Video and Audio Materials


Many of the sites listed in the previous section include links to audio resources for the study of  Chaucer’s language: the Chaucer Metapage, for example,  features “The Criyng and the Soun” (, a collection of brief Middle English selections from the Canterbury Tales, Troilus, and shorter works in RealAudio format, while the Harvard Chaucer Page offers a pronunciation guide and a “Teach Yourself Chaucer” series of lessons that include some audio files.  A newer Harvard site is METRO (Middle English Teaching Resources Online;, a “virtual classroom” providing “guided, interactive instruction on the linguistic, stylistic, and editorial features of some of late medieval England's greatest texts” (by Chaucer, the Gawain-poet, and the Wakefield Master).   The multiple levels (or “platforms,” in keeping with the transit metaphor) move deliberately from shorter to longer passages with careful exposition of sound, meter, grammar, syntax and style, and plenty of opportunities for self-testing.  The site also includes a basic illustrated introduction to the editing of medieval texts.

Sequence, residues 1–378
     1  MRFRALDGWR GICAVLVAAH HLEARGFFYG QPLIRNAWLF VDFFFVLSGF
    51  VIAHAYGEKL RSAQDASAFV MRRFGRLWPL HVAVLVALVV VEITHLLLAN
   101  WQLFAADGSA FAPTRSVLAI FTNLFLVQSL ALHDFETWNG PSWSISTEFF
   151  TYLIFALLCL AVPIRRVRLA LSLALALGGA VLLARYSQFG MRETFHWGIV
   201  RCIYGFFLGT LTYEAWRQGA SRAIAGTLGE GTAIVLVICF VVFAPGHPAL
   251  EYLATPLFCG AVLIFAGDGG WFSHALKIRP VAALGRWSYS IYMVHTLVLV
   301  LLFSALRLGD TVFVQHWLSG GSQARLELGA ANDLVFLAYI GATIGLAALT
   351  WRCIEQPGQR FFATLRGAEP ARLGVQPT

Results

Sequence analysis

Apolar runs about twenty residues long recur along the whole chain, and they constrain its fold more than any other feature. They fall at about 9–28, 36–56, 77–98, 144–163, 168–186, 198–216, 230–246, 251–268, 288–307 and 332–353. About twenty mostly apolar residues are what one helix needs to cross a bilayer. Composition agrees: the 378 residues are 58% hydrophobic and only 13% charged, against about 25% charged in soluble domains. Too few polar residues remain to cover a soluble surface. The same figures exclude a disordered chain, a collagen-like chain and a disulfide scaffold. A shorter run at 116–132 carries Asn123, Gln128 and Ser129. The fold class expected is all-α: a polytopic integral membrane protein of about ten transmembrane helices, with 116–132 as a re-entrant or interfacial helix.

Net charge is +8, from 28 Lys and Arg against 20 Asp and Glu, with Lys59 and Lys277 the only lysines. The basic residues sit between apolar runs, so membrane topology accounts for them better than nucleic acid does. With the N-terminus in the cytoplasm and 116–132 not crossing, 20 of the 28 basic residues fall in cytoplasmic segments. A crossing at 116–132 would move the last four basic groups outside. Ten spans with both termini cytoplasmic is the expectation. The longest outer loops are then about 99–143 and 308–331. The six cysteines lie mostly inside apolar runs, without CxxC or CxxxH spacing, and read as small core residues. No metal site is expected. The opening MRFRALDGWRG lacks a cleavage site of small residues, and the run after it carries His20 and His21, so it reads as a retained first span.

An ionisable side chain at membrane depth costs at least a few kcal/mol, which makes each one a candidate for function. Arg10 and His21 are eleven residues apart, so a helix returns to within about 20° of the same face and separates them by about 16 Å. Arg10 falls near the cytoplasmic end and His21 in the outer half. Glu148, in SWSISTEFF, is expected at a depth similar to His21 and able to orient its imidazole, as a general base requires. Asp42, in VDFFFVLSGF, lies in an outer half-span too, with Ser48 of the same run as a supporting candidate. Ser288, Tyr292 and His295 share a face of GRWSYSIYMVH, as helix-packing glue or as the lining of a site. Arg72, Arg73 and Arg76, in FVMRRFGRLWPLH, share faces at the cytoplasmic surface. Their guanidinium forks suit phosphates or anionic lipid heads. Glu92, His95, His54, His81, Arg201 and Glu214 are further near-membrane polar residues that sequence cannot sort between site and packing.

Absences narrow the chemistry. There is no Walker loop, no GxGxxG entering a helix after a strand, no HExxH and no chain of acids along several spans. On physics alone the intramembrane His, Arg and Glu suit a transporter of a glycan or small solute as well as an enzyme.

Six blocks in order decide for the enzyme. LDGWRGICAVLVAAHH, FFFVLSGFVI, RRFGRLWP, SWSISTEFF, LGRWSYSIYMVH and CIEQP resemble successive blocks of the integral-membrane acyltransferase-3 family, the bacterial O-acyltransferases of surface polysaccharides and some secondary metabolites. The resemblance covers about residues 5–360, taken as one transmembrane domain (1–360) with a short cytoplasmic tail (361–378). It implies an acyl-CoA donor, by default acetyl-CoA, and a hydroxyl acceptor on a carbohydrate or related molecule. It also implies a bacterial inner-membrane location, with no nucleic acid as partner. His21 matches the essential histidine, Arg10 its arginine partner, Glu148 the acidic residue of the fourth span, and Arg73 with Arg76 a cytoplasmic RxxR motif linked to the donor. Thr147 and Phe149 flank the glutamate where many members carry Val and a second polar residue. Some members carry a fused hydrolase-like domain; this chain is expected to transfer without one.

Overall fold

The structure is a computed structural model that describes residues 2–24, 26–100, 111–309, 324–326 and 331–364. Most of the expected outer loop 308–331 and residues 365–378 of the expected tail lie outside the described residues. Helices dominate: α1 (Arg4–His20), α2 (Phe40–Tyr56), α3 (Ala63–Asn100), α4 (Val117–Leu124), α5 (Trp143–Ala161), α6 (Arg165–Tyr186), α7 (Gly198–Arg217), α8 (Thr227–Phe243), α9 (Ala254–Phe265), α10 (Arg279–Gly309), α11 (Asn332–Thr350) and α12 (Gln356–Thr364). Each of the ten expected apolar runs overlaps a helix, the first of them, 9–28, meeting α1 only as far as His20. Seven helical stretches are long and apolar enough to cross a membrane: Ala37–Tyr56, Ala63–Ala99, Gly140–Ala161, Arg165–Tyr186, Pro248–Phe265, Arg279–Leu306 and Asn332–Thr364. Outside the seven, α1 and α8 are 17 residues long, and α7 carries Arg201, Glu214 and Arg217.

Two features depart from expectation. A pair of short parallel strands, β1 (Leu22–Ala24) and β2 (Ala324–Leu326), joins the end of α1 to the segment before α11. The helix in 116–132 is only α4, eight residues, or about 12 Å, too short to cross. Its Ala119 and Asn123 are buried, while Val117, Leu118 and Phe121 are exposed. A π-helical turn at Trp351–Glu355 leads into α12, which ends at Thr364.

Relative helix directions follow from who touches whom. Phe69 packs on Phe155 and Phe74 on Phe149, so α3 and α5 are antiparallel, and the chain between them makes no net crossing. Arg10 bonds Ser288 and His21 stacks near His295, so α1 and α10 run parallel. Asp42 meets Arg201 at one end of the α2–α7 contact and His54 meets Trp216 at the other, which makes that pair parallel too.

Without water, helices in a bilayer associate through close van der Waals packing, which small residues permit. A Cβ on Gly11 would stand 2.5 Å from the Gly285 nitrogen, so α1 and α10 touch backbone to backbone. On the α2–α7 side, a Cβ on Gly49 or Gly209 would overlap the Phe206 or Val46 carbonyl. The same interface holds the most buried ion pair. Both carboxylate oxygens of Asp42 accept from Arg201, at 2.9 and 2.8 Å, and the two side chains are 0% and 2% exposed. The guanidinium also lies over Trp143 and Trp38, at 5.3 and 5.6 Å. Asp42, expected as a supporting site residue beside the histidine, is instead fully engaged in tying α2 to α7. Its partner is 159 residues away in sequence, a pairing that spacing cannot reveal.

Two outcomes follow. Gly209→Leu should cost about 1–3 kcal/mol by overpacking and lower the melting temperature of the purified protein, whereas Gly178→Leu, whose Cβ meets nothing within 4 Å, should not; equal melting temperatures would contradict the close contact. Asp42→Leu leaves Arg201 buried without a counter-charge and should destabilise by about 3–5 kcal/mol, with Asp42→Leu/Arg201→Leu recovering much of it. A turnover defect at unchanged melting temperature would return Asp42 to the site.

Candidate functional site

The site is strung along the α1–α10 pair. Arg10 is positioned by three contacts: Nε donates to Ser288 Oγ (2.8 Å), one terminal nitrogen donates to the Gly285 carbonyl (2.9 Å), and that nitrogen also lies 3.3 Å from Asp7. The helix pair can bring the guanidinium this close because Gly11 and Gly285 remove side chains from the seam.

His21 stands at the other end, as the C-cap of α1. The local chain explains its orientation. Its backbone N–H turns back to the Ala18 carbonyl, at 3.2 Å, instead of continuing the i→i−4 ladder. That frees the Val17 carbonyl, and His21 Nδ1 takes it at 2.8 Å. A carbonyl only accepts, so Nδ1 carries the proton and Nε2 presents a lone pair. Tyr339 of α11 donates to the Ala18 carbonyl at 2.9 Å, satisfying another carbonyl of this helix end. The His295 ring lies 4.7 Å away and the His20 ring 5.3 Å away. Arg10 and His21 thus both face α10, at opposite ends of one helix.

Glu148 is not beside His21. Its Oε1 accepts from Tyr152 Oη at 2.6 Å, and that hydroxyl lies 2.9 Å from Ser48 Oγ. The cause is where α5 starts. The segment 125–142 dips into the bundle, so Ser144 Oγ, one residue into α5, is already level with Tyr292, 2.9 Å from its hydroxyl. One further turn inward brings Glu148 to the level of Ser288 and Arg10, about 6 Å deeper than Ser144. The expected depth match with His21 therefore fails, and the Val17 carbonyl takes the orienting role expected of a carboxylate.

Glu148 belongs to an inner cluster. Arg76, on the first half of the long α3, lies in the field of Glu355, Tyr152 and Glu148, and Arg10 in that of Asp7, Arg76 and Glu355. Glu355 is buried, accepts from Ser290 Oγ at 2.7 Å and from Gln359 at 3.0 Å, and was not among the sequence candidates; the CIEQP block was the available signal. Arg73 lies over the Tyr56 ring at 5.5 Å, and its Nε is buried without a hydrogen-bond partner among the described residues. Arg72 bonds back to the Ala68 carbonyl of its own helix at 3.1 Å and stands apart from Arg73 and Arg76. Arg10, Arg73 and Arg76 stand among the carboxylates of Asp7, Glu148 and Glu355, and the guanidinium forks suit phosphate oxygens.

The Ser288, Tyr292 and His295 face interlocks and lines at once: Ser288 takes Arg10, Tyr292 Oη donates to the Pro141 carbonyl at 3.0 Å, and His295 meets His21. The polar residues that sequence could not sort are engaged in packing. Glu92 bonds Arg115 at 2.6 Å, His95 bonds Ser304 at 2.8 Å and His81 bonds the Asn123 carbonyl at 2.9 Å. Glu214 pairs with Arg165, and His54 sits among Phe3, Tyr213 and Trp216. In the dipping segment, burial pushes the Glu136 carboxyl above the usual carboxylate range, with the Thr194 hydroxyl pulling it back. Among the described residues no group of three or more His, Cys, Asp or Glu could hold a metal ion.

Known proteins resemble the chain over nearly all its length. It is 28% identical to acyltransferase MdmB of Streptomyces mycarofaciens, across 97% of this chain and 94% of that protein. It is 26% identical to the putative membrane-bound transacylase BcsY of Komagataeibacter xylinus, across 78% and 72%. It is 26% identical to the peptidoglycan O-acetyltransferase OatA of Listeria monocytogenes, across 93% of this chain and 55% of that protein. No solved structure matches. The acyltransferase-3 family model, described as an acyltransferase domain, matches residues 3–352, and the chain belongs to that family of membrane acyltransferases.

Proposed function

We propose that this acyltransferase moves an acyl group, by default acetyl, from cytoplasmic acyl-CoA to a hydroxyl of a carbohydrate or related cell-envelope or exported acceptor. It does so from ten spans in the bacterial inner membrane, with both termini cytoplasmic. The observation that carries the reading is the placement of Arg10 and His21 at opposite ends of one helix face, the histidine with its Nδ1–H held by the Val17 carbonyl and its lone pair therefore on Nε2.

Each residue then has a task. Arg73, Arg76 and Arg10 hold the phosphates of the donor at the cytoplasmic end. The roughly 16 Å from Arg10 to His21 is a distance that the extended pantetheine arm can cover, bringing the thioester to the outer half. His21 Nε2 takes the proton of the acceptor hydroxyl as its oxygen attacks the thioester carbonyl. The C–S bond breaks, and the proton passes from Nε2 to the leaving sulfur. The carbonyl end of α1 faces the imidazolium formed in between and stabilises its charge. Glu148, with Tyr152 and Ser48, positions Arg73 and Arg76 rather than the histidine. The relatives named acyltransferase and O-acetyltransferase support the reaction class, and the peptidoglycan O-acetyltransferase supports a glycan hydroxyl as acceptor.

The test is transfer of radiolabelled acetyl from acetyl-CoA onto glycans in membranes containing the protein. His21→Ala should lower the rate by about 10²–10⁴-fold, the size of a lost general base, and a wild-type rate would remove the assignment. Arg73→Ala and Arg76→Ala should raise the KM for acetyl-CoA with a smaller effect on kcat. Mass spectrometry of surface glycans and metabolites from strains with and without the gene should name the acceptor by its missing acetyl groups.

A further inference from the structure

More substantial recordings of the Tales are the province of The Chaucer Studio (, a joint project at BYU and the University of Adelaide founded in 1986.  Here one can purchase audio recordings in Middle English of most of the Tales and the early poems, available on CD for $10 on average and downloadable for half-price.

            Between 1998-2000 the BBC produced Emmy- and BAFTA-award winning animated adaptations of some of the Canterbury Tales, which are available on VHS and DVD; each 30-minute episode tells three (or four) tales and preserves some of the frame narrative (in claymation), and offers both Modern English and Middle English soundtracks.  The programs are rated “grade 9 and up” and include The Nun's Priest's Tale, the Knight's Tale and the Wife of Bath's Tale; The Merchant's Tale, the Pardoner's Tale and the Franklin's Tale; and The Squire's Tale (much altered), the “Canon's Servant's Tale,” and the Miller's and the Reeve's Tales.